Laura Sobbot Ross
DAUGHTER, AT EIGHTEEN
I’ve caught her in mid-air,
the girl in this picture. What’s left
of summer— loose gold
in an upsurge of hair,
a scalp-bounced, tree-ward, throng drawn
all the way from her soles
against the snap-back, shallow give
of backyard earth, stretched
spring to spring, then trampoline-ing
up and out. Her mouth, a tunnel—
mid-word gone dark, bliss at the corner
of her lips, just an upswing, an almost
exhale. One eye hidden in the reverb
of tangled bangs, the other caught
like the wing-arc of a coasting bird;
a caged gaze, a defiance, a dare.
Kinetic. No netting necessary.
They must fear us the way we fear snakes—
poisonous and skulking in the brush,
a creature so low to the ground we think
we could trample it before it strikes.
& aren’t humans a history
recorded somewhere in elephant lore,
etched in the scrolls of their trunks
where eons are counted inward like tree lines
to a primitive, guttural warning?
Drought and lions are lesser gods.
They’re not as cruel.
It’s one thing to be hungry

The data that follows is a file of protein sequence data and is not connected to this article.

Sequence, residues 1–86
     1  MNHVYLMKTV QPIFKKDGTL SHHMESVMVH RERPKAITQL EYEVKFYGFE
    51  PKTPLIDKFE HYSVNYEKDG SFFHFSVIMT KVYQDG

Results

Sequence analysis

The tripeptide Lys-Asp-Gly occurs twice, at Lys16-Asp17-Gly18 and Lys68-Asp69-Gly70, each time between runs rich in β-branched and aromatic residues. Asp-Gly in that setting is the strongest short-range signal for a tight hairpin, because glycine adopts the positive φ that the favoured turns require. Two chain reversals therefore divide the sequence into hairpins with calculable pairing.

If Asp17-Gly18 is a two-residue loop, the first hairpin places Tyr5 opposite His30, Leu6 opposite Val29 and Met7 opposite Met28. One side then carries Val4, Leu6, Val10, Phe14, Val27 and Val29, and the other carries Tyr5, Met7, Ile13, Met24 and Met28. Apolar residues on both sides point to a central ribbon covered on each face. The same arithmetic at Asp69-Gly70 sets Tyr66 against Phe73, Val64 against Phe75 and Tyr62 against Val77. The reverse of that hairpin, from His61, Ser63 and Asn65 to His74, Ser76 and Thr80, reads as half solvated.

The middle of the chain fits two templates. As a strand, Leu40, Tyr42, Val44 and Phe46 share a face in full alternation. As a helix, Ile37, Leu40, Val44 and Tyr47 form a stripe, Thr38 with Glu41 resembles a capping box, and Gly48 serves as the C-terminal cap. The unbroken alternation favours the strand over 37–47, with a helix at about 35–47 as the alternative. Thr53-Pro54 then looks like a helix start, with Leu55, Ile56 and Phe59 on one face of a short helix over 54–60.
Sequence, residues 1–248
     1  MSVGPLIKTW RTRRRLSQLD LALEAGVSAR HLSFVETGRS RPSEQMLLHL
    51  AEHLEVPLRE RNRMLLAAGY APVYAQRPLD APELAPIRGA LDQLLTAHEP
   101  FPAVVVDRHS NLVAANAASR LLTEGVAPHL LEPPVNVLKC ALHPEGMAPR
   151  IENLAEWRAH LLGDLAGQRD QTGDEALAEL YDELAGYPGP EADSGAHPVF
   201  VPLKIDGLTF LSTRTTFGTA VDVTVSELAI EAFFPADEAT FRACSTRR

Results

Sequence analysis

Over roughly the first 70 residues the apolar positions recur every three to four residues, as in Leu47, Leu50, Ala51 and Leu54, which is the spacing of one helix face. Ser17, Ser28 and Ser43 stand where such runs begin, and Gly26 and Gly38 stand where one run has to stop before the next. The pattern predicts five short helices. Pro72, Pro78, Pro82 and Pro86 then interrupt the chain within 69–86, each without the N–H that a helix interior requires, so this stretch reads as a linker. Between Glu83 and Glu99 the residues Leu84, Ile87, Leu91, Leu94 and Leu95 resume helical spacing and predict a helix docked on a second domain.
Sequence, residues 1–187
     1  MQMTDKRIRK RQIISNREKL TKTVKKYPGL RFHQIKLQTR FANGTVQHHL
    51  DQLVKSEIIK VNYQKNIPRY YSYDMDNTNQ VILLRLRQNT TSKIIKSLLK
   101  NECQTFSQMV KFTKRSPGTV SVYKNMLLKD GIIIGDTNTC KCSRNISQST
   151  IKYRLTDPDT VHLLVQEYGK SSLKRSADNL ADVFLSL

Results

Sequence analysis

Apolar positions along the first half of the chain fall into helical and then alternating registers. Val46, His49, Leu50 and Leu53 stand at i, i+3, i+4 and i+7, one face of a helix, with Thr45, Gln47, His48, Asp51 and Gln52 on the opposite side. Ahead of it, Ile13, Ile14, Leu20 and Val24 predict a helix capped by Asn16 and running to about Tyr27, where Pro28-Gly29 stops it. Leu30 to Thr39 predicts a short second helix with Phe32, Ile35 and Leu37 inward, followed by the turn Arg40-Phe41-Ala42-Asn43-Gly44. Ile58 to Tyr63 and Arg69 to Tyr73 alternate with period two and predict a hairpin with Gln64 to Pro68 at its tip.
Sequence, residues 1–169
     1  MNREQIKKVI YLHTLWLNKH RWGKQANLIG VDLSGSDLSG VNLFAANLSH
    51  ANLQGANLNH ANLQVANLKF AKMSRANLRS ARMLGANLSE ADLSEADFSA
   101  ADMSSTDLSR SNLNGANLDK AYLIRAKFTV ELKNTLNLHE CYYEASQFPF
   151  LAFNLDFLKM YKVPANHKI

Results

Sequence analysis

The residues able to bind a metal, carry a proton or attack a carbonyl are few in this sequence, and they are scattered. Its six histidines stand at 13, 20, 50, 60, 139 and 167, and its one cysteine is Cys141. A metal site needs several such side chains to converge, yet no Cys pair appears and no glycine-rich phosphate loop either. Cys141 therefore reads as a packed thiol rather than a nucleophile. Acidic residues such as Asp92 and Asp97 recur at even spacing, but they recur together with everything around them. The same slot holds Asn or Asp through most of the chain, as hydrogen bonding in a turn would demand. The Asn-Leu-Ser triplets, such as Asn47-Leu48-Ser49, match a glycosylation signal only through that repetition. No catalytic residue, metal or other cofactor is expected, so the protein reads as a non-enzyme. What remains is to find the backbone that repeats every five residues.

and another to kill for profit.
Now, imagine the shape of a curse,
its heft and purity.
Route it into a socket
in the skull. Give it roots
of living tissue. Make it valuable,
accessible to the desperate.
Let it be
scrimshaw-worthy and perfect
for piano keys, buttons,
and billiard balls,
the carved handles of cutlery.
Piece it in among sleeping families—
great herds in tumbled clusters.
Let its ribs score the dust
in moon-sliver and flare,
a fine horn already bloodied with light.
Laura Sobbott Ross has worked as a teacher and a writing coach for Lake County Schools and was recently named as Lake County’s first poet laureate. Her poetry appears in many journals, including Blackbird, Florida Review, and 32 Poems. She was a finalist for the Art & Letters Poetry Prize and won the Southern Humanities Auburn Witness Poetry Prize. Her poetry chapbooks are A Tiny Hunger and My Mississippi. A third book, The Graffiti of Pompeii, was released in December.